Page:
Maintain a “Peripheral Brain”
There are many pearls of wisdom to be learned during your emergency medicine clerkship. Writing these down on index cards or inputting them into a PDA can further solidify information retention. During your emergency medicine clerkship, add relevant bedside teaching points, lecture concepts, and publication data. This may include high-yield items such as indications for thrombolytic therapy in acute myocardial infarction or stroke, the pneumonia severity index scoring system from the PORT study, and NEXUS criteria for clinical clearance of the cervical spine. This “peripheral brain” should be continually updated throughout medical school, residency, and postresidency.
Develop a Question Log
During each shift, generate a list of questions to research some time during the rotation. Questions can be based on any aspect of patient care and can include reviewing medication information, managing a case, developing a differential diagnosis, formulating a diagnostic work-up for a particular presentation, or reviewing a procedural technique. Research the literature and read more about your patient’s disease process when you get home. While on shift, as a self-reminder, you can email yourself this list of “homework” questions. Reading about clinically relevant topics that you have encountered helps build your knowledge base.
Have a Positive Attitude
The emergency department team thrives on working cohesively as a group and is, as a whole, an enthusiastic and high-energy team. Instructors are more amenable to teaching students if they demonstrate an enthusiasm for learning, want to be in the emergency department, and are open to feedback.
This is your time to shine in the eyes of the faculty. Arrive early, work hard, and stay late. You do not want to be thought of as the student who just wants to get the shift over with. Do not spend your time surfing the Internet. You are in the emergency department to learn. Stay on top of your patients. When something happens with one of your patients, you should be the first one to know about it. If a lab result is not back in a timely fashion, call the lab to see if it has received the specimen. Dress appropriately for the emergency department: scrubs or professional attire (no tee shirts, sweatshirts, or blue jeans). Make sure your patients are well cared for at all times. Remember, you are your patient’s student doctor.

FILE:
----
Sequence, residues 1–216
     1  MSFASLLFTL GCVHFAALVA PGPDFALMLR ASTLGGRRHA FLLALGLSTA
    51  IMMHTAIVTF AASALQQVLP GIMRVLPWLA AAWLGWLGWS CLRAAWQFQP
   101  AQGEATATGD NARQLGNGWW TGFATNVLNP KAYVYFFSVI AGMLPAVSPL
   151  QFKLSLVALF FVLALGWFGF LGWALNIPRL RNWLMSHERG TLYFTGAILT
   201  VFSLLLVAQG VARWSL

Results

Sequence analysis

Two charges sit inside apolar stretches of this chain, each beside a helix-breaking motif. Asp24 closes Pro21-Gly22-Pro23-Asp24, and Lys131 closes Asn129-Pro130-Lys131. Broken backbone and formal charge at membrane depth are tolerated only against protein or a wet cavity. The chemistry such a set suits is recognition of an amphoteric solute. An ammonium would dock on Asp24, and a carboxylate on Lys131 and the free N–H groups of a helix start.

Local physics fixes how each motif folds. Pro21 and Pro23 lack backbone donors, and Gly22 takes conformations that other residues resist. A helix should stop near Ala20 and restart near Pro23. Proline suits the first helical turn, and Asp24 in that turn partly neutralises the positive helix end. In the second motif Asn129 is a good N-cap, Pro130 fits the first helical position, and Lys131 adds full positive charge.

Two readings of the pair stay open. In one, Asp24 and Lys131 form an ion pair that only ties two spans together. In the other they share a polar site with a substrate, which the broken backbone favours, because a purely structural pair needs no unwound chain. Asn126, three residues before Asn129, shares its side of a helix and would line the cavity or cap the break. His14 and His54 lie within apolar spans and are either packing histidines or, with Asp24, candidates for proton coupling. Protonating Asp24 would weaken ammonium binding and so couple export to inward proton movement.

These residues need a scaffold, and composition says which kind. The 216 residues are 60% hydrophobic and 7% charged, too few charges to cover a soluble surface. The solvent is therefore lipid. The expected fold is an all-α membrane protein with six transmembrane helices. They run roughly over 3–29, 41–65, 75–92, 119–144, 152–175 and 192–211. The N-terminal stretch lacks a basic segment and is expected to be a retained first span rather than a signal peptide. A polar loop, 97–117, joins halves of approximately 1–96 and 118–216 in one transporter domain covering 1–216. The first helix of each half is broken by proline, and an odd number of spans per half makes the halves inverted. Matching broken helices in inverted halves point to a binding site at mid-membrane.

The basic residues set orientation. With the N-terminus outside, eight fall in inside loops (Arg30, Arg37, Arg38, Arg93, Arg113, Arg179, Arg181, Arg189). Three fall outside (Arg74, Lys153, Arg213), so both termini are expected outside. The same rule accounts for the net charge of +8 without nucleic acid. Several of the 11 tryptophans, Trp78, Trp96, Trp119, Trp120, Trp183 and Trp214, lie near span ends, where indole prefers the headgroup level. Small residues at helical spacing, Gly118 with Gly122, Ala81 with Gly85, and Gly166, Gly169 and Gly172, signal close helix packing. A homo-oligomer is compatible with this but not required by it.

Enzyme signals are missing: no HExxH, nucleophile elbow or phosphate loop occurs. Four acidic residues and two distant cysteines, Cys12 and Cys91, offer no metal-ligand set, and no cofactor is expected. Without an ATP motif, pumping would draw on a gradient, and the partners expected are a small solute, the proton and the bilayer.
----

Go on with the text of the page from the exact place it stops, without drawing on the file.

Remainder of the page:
Students Applying to Emergency Medicine Residency Training Programs
One last tip for maximizing your emergency medicine clerkship applies primarily to those applying for an emergency medicine residency position. Because students rarely work consistently with the same faculty member, letters of recommendation for residency applications may be difficult to obtain. Often, clerkship directors will write a composite letter, summarizing the comments from various faculty members who have worked with you. If, however, you are going to request a letter from a single faculty member, it is important that you let the faculty member on shift know that you are applying to emergency medicine so he or she will pay special attention to your skills and knowledge base.
It is no secret that you will eventually be asking for a letter of recommendation from the department, and the evaluators will want to have something specific to write about. If possible, with permission, consider modifying your clinical schedule to work multiple shifts with the same faculty member. By doing so, faculty members will have the opportunity to work with you on several shifts and will be able to provide a more detailed letter of recommendation. This may or may not be possible and is often based on the number of students working clinically in the emergency department during a particular rotation.
Getting the most out of your emergency medicine clerkship revolves around maintaining a positive attitude, working diligently, and taking an ongoing and active role in learning. Applying this philosophy will serve you well during medical school, in residency training, and beyond.
- Mahadevan SV, Garmel GM. The outstanding medical student in emer-gency medicine. Acad Emerg Med. 2001;8:402–403.
- This article describes strategies for medical students to use during their emergency medicine rotation.
- Pangaro L. A new vocabulary and other innovations for improving descriptive in-training evaluations. Acad Med. 1999;74:1203–1207.
- This article provides a new evaluation approach to help faculty evaluate trainees. This approach describes the progress of trainees from “reporter” to “interpreter” to “manager” to “educator” status (RIME methodology).